Next up – designer-bench kunst! There’s a veritable permanent bench-exhibition on the peninsula. And not just benches but sun-loungers too. Perfect for some comfortable, reclined meditation…

Some have names. This one, for example, is called ‘Sex on the Cape’!

This one has something to do with six types of mammal that live nearby. Er, ok ).

This is also a bench ) ->

We come close to the cliff’s edge…

And when we get right up to the cliff’s edge – mind > blown! And here are Tasman Island and the Blade:

Since getting out here and getting back to the mainland is no simple matter, manning the lighthouse on Tasman Island was no simple matter either. I hand over the research reins to OA…


The lighthouse on Tasman Island is the highest in Australia (due to its being installed on the high clifftop). It was commissioned in 1906, and operated up until 1977 by folks who lived here permanently. 

To work as a lighthouse keeper there were some unusual requirements for the candidates: one was you had to have a family (who’d live with you on the island). Another was… you had to have all your teeth pulled out! This latter requirement was due to the fact that, given an infection (common with teeth intact back then, it would appear), it would take days for help to be summoned – only by signaling to a passing ship, or getting a message to Port Arthur by pigeon or semaphore! 

The island is so remote and cut off from any semblance of civilization that it was named ‘Siberia of the South’ by one wife of a lighthouse keeper. Still, they made the best of a lonely situation: they kept sheep and goats, and even a horse to help with the cable system for loading and unloading. 

One of the main tasks for a keeper was to maintain and clean the lighthouse lens – some 2.5 meters tall. This involved constant contact with mercury – sending a few keepers mad, at least for a while. Thus, to help out with this hazardous task there were always two assistants who lived on the island.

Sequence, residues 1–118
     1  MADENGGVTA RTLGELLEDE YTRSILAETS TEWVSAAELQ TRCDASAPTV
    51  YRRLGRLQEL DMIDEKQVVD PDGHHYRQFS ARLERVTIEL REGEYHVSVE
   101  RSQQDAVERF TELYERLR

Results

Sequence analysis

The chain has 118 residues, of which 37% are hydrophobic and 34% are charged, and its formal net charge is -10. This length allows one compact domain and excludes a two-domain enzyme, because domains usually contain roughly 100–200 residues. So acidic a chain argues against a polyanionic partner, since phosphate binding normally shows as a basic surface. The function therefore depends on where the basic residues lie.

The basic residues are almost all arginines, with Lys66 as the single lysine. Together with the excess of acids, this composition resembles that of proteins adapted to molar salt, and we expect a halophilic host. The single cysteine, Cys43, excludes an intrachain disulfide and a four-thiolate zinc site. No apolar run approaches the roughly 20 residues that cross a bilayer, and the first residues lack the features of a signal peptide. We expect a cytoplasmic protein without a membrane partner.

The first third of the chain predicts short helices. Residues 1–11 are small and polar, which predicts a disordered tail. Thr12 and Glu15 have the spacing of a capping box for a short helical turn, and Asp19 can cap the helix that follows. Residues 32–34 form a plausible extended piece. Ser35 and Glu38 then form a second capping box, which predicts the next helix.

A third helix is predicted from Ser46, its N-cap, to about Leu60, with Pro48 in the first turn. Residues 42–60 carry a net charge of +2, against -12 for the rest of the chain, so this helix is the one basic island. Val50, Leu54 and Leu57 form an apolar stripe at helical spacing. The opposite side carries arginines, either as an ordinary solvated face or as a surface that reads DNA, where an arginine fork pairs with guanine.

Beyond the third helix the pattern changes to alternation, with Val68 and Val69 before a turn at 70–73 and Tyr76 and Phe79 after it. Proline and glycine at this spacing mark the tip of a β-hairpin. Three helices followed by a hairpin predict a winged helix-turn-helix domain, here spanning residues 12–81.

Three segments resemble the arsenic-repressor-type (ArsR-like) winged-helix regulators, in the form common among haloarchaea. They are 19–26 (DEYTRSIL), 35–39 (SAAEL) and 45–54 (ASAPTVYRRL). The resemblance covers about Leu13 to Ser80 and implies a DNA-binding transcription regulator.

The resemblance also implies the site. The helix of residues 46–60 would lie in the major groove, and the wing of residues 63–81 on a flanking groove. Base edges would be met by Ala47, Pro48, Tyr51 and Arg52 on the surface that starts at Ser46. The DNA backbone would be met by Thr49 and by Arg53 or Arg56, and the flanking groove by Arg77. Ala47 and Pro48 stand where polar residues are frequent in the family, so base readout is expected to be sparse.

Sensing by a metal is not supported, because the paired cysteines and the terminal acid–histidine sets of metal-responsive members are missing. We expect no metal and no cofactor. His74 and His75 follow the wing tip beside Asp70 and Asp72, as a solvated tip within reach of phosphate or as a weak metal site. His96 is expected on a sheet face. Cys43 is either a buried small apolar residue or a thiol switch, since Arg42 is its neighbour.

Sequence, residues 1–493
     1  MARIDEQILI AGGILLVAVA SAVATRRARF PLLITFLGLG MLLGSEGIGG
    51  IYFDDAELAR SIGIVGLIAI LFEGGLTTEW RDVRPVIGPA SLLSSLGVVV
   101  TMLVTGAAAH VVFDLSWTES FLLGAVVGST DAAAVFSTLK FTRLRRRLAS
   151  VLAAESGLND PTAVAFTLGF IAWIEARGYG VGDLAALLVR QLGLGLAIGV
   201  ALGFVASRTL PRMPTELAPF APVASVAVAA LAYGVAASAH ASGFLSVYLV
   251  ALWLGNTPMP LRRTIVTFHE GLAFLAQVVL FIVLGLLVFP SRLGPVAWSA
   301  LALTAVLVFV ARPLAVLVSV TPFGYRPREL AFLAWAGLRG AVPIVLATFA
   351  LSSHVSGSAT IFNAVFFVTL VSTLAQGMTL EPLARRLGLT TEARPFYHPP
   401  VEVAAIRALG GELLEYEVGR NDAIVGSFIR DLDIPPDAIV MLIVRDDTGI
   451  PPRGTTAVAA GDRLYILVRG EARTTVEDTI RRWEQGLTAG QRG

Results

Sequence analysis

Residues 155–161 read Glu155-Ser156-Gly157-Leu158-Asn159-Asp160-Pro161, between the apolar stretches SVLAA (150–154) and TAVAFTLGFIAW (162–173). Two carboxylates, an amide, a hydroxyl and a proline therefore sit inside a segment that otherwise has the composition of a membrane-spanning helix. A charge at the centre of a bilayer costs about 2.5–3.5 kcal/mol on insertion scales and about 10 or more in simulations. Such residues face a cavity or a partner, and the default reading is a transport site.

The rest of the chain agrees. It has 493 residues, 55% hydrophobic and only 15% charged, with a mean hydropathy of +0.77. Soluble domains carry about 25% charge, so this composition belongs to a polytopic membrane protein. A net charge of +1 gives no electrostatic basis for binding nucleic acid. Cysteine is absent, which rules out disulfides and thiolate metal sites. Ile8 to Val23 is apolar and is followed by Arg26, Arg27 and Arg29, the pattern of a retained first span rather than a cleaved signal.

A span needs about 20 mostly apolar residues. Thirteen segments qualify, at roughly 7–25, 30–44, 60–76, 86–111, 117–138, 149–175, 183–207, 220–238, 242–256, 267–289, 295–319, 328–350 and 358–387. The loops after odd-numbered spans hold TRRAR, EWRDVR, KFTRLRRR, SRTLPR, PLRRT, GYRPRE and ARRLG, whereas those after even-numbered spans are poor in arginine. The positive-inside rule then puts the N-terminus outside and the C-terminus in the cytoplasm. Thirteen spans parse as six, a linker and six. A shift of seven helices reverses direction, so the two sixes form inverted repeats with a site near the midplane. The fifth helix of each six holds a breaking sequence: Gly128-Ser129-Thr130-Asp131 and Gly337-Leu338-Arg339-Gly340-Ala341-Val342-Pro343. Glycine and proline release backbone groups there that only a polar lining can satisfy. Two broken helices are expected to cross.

Though it isn’t used any more to help ships navigate, it is still in use today.


Our Fan Club also told me how there are the Friends of Tasman Island, who support the place on a volunteer basis. They renovate old buildings that fall into disrepair and perform other kind deeds. When they save/collect enough money to rent a chopper, they fly in and get to work on the latest restoration project, and they do so a few times a year. They even have a website and are on FB!

But we’d still a way to go. We were headed along The Blade further toward Tasman Island ->

We reach the ‘End of Track’. But it doesn’t say you can’t carry on walking. And the guides weren’t against it either. I reckon that’s a mere disclaimer – ‘go further at your own risk’ kinda thing…

Narrow path, sheer drops both sides; probably slippery stones when rainy. No rain today though – off we pop!…

Up, up…

A little further…

We make it to the very top!…

Oh yes – it’s for moments like these that it’s worth traveling half-way round the world, then trekking for two days (albeit spending the nights in comfortable lodges) ->

Don’t look down! Sure, it was a great view from here, but it was a bit unnerving too…

Pretty. But I’m not walking over them! ->

We’d come from over there to the left. To the right – Cape Pillar, where we were headed next…

We’d just been up there at the peak:

And this peak is our next destination:

And these are what are claimed to be the tallest sea cliffs of the southern hemisphere:

The view from the top:

Hauy Cape – where we were walking the following day:

…Via that there jungle! ->

A few fantastical rock formations and natural miracles…

Hauy Cape next – but I’ll save that for tomorrow’s post…

All the pics from Tasmania are here.